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Egypt Making Strides Toward Equality

Egypt took a step further in the direction of women’s rights a few days ago, approving a law that would protect the identity of women who report sexual abuse. As Egypt struggles with gender equity, here is the reason why this law is revolutionary to its women citizens.

It is considered tradition for Egyptian women to be limited in their interactions with men. This is one of the reasons why the wearing of veils is enforced as well as keeping women from attending school and work. 

Labor Force

A large share of Egypt’s women population is unemployed or lacks education. Due to the Egyptian law of how marriages are maintained, women are not allowed to get a job without her husband’s permission. These barriers make financial responsibilities such as childcare difficult to take care of. Women are also discouraged from going to work either by the men in their homes or the ones sexually harassing them at the workplace. Anti-discrimination laws also weakly enforced creating more room unequal pay and working conditions.


Though women rank higher in education than men, their ability to benefit financially from their degrees is stalled. However, in poor rural areas, women still struggle with access to education. Their literacy rate is lower than men by 65 percent. In those villages, girls aren’t even expected to go out on their own and create lives for themselves. They are heavily bound to the men of the house.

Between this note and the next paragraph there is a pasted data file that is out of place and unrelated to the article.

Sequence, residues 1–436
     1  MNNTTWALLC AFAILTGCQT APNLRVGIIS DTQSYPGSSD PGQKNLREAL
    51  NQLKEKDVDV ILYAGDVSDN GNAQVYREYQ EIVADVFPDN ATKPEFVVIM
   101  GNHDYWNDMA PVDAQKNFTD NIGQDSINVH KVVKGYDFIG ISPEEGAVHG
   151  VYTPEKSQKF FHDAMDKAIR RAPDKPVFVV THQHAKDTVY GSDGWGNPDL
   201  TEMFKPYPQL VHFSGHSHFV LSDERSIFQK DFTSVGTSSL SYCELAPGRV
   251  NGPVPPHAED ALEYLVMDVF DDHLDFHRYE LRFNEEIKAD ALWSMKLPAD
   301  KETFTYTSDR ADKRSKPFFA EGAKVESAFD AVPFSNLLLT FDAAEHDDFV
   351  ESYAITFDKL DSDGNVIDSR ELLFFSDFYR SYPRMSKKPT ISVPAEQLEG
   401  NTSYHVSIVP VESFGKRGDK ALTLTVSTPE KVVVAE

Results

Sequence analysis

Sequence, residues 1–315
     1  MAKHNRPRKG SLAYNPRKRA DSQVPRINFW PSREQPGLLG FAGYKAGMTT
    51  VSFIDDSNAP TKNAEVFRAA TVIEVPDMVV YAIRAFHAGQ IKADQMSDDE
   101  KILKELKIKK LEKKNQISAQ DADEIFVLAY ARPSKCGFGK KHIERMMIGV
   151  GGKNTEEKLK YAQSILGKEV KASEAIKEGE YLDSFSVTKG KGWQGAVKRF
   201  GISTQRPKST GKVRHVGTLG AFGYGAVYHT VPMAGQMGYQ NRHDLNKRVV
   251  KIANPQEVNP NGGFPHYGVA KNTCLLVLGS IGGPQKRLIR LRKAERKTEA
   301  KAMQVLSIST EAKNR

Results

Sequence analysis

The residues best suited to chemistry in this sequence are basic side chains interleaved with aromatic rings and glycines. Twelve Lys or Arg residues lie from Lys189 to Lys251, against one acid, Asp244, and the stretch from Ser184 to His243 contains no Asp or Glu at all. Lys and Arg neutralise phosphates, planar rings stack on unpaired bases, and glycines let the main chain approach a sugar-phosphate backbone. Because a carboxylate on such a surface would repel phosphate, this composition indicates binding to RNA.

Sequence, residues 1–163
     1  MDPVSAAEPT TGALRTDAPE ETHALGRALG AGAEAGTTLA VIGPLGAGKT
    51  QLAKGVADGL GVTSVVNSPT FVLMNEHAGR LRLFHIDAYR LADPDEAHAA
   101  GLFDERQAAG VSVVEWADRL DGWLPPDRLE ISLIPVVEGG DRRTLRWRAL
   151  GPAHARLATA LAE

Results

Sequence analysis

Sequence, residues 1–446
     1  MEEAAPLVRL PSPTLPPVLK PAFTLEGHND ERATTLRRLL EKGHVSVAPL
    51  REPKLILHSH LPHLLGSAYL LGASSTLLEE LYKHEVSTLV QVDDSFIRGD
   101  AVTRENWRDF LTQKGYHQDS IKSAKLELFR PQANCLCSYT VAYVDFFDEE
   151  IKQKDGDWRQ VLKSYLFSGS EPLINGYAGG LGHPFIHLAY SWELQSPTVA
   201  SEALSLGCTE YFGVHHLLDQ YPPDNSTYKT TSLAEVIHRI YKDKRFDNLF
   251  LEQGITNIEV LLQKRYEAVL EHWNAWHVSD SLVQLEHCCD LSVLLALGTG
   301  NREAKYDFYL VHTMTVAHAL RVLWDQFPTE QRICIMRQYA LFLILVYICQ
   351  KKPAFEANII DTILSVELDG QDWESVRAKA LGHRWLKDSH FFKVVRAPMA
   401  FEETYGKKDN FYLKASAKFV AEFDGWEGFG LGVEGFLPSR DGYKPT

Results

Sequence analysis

During the time of Gamal Abdul Nasser, a political movement toward women’s rights was introduced known as “state feminism.” Women were given their right to vote in 1956, laws protecting women in the labor force were introduced and gender discrimination was condemned. However, the system moving toward women’s liberation fell through as time went on, roles of women vanished and men continued sponsoring their oppression.  


Sexual harassment was criminalized in recently 2013. Nearly 90% of Egyptian women reported to be sexually harassed in a survey. To further emphasize the disregard for women’s lives, honor killings continue to take place when a woman is judged to have committed adultery or any other form of disobedience. Only in 2016 did Egypt rule genital mutilation as a felony after a young girl died following a procedure. Women even struggled to maintain the ownership of even their bodies as they were forced into satisfying societal standards. 

Women in Egypt have struggled for years to gain simple liberties and rights to better their lives. Their government took baby steps toward granting them certain protections, but most importantly, a law allowing women to protect their identities prevents them from being attacked again or losing their lives. This gives women the chance to hold their attackers accountable and hopefully tighten the laws around how men treat women for the future. 

Featured Image by Wikimedia Commons

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